What Is The Electoral College, Anyway?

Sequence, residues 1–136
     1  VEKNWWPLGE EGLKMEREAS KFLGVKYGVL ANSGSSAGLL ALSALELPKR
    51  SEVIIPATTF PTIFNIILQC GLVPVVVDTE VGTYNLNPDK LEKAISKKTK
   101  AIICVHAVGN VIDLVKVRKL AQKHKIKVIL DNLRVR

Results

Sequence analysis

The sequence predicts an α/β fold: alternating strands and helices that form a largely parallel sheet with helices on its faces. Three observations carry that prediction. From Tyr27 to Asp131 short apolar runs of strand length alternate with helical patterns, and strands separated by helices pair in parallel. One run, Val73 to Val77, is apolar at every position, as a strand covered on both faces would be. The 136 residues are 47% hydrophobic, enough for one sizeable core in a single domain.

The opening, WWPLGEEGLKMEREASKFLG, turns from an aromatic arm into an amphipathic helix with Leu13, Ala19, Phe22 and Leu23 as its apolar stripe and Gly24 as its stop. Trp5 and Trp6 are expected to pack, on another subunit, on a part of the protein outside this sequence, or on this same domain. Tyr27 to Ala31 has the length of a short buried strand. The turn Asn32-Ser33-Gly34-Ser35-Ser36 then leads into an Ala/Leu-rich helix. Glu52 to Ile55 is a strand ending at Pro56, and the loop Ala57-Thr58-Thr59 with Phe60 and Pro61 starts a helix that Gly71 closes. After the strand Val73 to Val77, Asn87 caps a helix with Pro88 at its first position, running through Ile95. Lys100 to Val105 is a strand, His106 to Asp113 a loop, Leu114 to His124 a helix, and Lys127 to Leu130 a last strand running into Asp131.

electoral college, presidential election When you cast your vote to elect Hillary Clinton, Donald Trump, or Giant Meteor for president, your vote doesn’t directly elect the person for whom you voted. And the person who gets the most votes in the nation doesn’t necessarily win the presidency. Why? Because of the Electoral College. What is the Electoral College? We'll try to explain … SO, SERIOUSLY — WHAT IS THE ELECTORAL COLLEGE? Sadly, there are no bongs being ripped in Electoral College dorms; it's not a place. Instead, it's a group of 538 people from all 50 states (and Washington, DC) who each have one electoral vote to cast, and the winner of the majority of those votes is elected president. Who they vote for is determined by the results of the general election … though not always by law … exactly. More on that later. WHY 538? Each state is assigned electoral votes based on the size of its Congressional delegation. A state gets one vote for each Representative and one vote for each Senator. (Didn't pay attention in Civics class? Every state has two Senators, but the number of Representatives is based on population.) For example, the state of Minnesota has eight U.S. Representatives and two U.S. Senators, so it gets 10 electoral votes. And yes, a candidate could win a majority of the popular vote, but lose the Electoral College (and therefore, the election). It's happened four times, most recently in 2000: Al Gore had 500,000 more total votes than George W. Bush, but he had 500 fewer votes in Florida — supposedly — and so he lost the election. WHO CHOOSES THE ELECTORS? State Republican and Democratic party officials choose theirs. Independent candidates — and Giant Meteor — choose theirs themselves. The electors can be pretty much anyone other than a member of Congress or a federal employee; they can sometimes be seen wearing stupid hats and 87 campaign pins while whooping and hollering at party conventions. WAIT, WHAT THE HELL DO THE ELECTORS DO AGAIN? A candidate needs 270 electoral votes — more than 50 percent — to win. Each state's electors agree to cast a vote for president and vice president based on their state's popular vote. Unbelievably, 24 states don't require electors by law to vote for the guy who wins, but hey, it's never been an issue before! The electors congregate and vote in mid-December; so really, that's the election that decides the presidency (and vice-presidency). THIS IS INSANE, RIGHT? Not exactly. Founding Father types were worried that heavily populated states would hold too much power over sparsely populated states. The Electoral College balanced things out a bit. However, the country is so dramatically different now than it was then — the federal government is much stronger, the country is way larger, etc. — that the College doesn't necessarily serve that purpose. Some argue that it makes candidates visit and pay attention to smaller states and communities than they would otherwise, but that's generally only the case if they're swing states. SO WHY DON'T WE GET RID OF IT? The Electoral College process is described (though not by name) in the Constitution, so abolishing it would require an amendment proposed by a two-thirds majority in both houses of Congress, and ratified by three quarters of the states. No one is going to do the massive amount of work required to make that happen unless there's a ton of popular support. Also Read: Debate Techniques You Can Actually Use